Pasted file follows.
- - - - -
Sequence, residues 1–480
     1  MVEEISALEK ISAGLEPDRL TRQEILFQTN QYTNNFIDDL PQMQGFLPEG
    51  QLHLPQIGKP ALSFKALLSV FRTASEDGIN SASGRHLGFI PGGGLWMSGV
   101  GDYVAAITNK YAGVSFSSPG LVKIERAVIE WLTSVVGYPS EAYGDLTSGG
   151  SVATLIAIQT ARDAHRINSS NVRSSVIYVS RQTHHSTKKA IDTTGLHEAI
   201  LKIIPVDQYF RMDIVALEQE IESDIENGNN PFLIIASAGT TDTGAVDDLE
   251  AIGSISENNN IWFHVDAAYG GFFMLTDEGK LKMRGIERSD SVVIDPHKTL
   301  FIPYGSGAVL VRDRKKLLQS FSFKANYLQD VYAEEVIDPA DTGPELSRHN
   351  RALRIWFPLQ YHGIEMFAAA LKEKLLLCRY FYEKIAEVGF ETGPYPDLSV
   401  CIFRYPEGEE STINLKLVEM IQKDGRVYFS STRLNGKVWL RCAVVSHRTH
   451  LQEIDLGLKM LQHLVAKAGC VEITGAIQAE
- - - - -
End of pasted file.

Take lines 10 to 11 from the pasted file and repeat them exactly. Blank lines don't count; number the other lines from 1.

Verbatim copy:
   401  CIFRYPEGEE STINLKLVEM IQKDGRVYFS STRLNGKVWL RCAVVSHRTH
   451  LQEIDLGLKM LQHLVAKAGC VEITGAIQAE